A final example: healthy forests can regulate climate at a local level — helping maintain cooler temperatures and preventing drying out of soil.  (Ever walked into a cluster of trees on a hot day? Nature’s air conditioning) Forests also provide protection from hurricanes and other natural disasters.  But, guess what?  Yep.  These forests are also disappearing.  Without them, we will be even more vulnerable to heat waves, droughts and extreme storms.

So climate change will lead to more extreme and unpredictable weather, and some of the most important natural mechanisms that help us deal with this type of weather are disappearing.  Clearly this will have a direct impact on people and the global economy.  Preparing for and responding to increasingly serious emergencies will be hugely expensive.  And people will die — both from the hurricanes and floods and from the associated spread of disease and health problems that accompany this type of disaster.  But that’s not the only problem.

Changes in weather will create enormous problems for agriculture.  Droughts and floods can destroy an entire region’s crops for a whole season.  This hurts the local population, but it also causes dangerous swings in global agricultural markets.[5]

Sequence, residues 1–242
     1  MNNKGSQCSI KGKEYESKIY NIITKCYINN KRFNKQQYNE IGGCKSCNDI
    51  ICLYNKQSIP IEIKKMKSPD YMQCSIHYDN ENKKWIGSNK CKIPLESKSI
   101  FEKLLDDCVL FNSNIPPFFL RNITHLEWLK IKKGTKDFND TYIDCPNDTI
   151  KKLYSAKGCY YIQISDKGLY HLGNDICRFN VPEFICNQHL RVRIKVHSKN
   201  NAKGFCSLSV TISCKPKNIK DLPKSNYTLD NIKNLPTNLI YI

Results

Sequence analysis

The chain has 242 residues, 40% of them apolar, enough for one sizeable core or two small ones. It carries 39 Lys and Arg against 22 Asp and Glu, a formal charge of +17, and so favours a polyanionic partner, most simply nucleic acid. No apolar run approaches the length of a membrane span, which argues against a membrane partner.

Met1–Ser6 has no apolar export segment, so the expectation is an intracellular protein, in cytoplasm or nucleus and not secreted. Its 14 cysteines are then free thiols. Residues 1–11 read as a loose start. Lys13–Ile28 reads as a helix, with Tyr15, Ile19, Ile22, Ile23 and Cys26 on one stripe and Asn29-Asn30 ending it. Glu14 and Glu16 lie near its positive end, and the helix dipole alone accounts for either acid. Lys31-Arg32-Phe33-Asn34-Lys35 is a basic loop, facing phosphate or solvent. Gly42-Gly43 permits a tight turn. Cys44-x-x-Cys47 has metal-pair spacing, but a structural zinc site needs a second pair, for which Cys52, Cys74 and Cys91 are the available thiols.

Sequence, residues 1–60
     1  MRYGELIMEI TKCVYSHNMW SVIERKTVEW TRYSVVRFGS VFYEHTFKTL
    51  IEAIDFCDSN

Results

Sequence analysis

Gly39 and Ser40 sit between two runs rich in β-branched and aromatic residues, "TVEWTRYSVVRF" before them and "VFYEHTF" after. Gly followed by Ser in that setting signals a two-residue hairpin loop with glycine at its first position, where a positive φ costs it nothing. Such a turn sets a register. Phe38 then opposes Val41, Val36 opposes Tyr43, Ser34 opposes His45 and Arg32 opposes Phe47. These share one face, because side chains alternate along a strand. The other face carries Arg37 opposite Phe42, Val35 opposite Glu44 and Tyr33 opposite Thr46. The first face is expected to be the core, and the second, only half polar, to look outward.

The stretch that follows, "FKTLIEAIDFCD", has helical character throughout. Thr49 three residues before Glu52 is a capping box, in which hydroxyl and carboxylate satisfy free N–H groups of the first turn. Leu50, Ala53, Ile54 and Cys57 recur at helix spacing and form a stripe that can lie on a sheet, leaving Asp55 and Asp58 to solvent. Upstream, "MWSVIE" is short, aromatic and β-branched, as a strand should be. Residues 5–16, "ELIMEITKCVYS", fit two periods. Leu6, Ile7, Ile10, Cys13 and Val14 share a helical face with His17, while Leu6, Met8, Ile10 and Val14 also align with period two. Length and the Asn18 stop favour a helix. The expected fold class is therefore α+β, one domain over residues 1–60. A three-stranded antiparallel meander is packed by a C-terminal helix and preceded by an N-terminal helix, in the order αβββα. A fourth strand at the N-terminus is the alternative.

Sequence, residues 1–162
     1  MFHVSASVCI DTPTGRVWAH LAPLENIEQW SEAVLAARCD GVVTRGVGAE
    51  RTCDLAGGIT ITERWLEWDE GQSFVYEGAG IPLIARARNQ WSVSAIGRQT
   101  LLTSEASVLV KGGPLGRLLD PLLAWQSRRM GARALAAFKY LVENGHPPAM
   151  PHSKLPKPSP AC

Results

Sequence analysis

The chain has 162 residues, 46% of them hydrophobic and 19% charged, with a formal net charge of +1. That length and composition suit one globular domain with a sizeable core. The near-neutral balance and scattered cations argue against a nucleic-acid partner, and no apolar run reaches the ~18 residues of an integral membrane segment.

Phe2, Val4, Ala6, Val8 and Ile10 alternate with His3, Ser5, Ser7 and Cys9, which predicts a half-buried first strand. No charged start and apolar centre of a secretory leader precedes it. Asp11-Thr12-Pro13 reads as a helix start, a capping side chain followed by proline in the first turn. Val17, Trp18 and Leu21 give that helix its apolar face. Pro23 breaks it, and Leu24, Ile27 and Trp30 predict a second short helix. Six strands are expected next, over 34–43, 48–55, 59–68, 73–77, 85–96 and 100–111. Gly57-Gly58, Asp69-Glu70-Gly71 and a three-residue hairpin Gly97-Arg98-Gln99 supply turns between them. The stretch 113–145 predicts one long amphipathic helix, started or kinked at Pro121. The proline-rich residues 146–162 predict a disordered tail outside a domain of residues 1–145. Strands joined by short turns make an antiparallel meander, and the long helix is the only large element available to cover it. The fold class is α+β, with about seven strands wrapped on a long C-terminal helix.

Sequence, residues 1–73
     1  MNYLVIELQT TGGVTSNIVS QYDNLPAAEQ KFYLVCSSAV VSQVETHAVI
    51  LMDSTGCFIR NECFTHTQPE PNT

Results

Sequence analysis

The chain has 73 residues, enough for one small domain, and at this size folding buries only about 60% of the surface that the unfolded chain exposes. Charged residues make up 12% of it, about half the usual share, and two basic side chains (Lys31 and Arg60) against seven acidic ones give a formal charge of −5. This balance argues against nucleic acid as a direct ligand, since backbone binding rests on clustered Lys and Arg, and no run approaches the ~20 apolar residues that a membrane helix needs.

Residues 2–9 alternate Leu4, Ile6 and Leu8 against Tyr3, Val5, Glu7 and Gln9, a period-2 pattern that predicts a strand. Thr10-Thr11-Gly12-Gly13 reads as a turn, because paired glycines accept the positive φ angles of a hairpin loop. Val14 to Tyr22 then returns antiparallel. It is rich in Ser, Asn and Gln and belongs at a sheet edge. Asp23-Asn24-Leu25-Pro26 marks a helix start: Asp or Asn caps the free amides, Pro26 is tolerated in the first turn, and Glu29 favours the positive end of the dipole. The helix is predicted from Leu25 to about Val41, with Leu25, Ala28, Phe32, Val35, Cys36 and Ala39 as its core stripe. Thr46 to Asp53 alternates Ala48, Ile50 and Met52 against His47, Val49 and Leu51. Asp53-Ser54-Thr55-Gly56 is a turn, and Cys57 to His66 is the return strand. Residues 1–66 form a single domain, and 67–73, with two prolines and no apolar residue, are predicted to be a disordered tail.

The key word here is unpredictability.  Climate change is going to make droughts and floods and other extreme weather events less predictable.  Because of this, crop yields will also be less predictable, which will affect prices on the global market.  And in case you’re wondering, unpredictability is not a good thing for global economic stability.

Or political stability.

When food production goes down, prices go up, and some people go hungry.  And hungry people can riot.

A publication by the Center for American Progress linked climate change to the Arab Spring uprisings.  In 2010 and 2011, droughts and heat waves in China and Russia combined with cold snaps in Canada and Australia caused global wheat prices to double.  In the Middle East/North Africa region, home of some of the largest wheat importing countries in the world, this led to food shortages and contributed to the public dissatisfaction that culminated in conflict.[6]